When start building java applications it’s important to understand how a java program works and its execution phases. A java code normally goes through a different phases including editing, compiling, loading, verifying and executing.
An editor is used for writing a code and then it’s saved using .java extension. It’s then compiled, loaded, verified and executed. For the application to be able to work as a server it needs to have an extended functionality of a web server. A Servlet container is a specialized web server that supports Servlet execution. It combines the basic functionality of a web server with certain Java/Servlet specific optimizations and extensions – such as an integrated Java runtime environment, and the ability to automatically translate specific URLs into Servlet requests. Individual Servlets are registered with a Servlet container, providing the container with information about what functionality they provide, and what URL or other resource locator they will use to identify themselves (Wikipedia, Java Servlets).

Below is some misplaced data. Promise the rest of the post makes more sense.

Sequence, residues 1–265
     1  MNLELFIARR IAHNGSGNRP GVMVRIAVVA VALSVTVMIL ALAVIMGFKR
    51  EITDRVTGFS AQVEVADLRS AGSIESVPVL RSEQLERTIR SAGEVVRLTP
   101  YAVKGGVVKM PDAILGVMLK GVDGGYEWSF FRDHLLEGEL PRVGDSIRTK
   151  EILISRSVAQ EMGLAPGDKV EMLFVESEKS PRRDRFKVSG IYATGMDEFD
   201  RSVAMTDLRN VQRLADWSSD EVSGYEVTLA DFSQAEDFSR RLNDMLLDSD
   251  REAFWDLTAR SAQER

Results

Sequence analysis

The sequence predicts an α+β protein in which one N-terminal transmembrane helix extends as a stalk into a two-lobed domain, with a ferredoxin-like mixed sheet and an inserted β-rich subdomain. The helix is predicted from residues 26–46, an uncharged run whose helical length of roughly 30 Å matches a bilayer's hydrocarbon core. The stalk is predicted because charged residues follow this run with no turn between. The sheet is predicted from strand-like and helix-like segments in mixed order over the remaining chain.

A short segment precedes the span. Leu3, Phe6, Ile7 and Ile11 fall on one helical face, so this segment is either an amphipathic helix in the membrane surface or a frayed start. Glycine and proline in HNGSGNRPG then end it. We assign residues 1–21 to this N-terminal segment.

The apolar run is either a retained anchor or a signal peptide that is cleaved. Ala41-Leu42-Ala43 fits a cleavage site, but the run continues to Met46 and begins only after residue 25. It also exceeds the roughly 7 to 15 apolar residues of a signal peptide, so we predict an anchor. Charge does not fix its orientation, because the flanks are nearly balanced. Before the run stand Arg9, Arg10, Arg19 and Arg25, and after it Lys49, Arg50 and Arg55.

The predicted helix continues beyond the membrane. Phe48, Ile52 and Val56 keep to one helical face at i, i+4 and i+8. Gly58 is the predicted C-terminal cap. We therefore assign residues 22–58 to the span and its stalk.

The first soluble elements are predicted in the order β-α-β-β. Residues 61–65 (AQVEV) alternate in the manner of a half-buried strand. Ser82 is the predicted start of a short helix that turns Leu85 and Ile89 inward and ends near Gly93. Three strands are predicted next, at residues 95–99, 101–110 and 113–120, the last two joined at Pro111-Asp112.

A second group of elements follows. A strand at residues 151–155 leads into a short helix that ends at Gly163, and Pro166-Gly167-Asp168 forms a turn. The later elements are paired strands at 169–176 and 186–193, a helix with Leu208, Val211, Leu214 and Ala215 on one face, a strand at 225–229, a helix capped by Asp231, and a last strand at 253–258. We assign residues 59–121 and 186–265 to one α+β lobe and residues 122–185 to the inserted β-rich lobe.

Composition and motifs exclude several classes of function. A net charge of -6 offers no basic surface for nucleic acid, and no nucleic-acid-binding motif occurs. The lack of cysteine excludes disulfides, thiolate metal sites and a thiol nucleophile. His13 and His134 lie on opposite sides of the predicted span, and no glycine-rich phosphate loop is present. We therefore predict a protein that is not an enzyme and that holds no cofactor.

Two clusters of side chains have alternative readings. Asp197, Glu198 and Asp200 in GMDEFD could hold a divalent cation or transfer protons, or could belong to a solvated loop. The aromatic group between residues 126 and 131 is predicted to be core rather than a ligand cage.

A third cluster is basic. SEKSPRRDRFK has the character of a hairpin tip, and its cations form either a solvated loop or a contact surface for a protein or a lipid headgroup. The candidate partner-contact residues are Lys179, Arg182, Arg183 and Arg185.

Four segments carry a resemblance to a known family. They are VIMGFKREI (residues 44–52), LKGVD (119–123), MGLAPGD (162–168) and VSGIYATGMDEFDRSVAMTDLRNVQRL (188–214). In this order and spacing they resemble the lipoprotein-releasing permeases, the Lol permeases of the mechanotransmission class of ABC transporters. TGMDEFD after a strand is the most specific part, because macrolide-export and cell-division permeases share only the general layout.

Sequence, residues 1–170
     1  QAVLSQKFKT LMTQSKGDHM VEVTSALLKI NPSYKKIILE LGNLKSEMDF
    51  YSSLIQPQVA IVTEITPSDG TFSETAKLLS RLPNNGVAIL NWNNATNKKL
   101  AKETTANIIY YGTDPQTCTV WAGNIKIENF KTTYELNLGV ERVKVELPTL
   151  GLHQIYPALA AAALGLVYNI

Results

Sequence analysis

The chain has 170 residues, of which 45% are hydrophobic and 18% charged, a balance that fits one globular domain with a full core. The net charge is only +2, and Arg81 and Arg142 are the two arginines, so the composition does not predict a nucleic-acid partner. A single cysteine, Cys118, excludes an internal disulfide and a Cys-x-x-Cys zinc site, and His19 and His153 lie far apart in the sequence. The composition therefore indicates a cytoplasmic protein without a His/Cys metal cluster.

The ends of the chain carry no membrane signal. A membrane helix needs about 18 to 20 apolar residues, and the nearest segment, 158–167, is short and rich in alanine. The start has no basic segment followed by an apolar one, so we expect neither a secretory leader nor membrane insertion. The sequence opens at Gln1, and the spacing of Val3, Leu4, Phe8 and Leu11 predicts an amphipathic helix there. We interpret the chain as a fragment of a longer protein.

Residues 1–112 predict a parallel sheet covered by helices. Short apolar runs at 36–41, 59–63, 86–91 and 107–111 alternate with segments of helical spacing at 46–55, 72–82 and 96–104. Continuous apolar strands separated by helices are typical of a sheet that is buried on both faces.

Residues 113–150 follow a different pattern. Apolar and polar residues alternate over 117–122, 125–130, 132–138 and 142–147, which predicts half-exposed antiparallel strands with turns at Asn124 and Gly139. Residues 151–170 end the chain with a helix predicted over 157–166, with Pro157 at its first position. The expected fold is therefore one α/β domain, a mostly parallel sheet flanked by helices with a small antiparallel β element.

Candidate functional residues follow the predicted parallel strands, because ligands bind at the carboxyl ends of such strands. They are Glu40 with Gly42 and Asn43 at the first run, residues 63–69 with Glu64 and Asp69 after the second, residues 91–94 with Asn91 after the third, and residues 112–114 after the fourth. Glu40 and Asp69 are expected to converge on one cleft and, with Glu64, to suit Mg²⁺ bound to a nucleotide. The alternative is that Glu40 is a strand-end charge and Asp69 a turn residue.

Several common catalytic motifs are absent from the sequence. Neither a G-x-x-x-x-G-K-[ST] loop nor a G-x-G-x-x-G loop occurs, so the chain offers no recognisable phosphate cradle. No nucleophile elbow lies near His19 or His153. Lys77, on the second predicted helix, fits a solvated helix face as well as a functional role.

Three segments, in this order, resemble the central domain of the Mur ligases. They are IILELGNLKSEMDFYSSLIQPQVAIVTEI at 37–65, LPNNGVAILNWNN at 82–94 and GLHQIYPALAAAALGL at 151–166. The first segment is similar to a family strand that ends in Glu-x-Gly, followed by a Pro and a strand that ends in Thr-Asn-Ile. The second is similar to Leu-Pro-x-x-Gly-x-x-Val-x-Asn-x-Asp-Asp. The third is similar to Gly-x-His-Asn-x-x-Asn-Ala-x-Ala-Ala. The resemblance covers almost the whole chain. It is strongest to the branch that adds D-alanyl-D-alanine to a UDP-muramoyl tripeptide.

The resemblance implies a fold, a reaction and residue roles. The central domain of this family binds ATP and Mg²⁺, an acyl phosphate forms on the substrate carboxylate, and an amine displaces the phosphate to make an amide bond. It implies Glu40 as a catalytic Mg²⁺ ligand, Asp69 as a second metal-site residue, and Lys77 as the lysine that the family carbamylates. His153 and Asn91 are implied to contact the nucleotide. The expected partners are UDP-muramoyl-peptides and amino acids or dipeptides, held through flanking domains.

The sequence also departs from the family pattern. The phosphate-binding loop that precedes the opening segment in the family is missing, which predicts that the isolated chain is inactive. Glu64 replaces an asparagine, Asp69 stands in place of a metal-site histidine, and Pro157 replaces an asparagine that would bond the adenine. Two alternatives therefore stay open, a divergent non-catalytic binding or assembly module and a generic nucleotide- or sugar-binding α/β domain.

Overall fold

Servlets are best for data-base intensive applications with thin clients having minimum client side support. Here for clients dynamic code generation is done by residing the code at server which is loaded dynamically for the request of each client. An extension of servlets is Java Server Pages (JSP). A servlet works by receiving a request and generates a response. Java libraries have a basic servlet package that defines Java objects to represent servlet requests and responses which are used to make the system works and the objects that reflect the servlet configuration parameters and execution environment.
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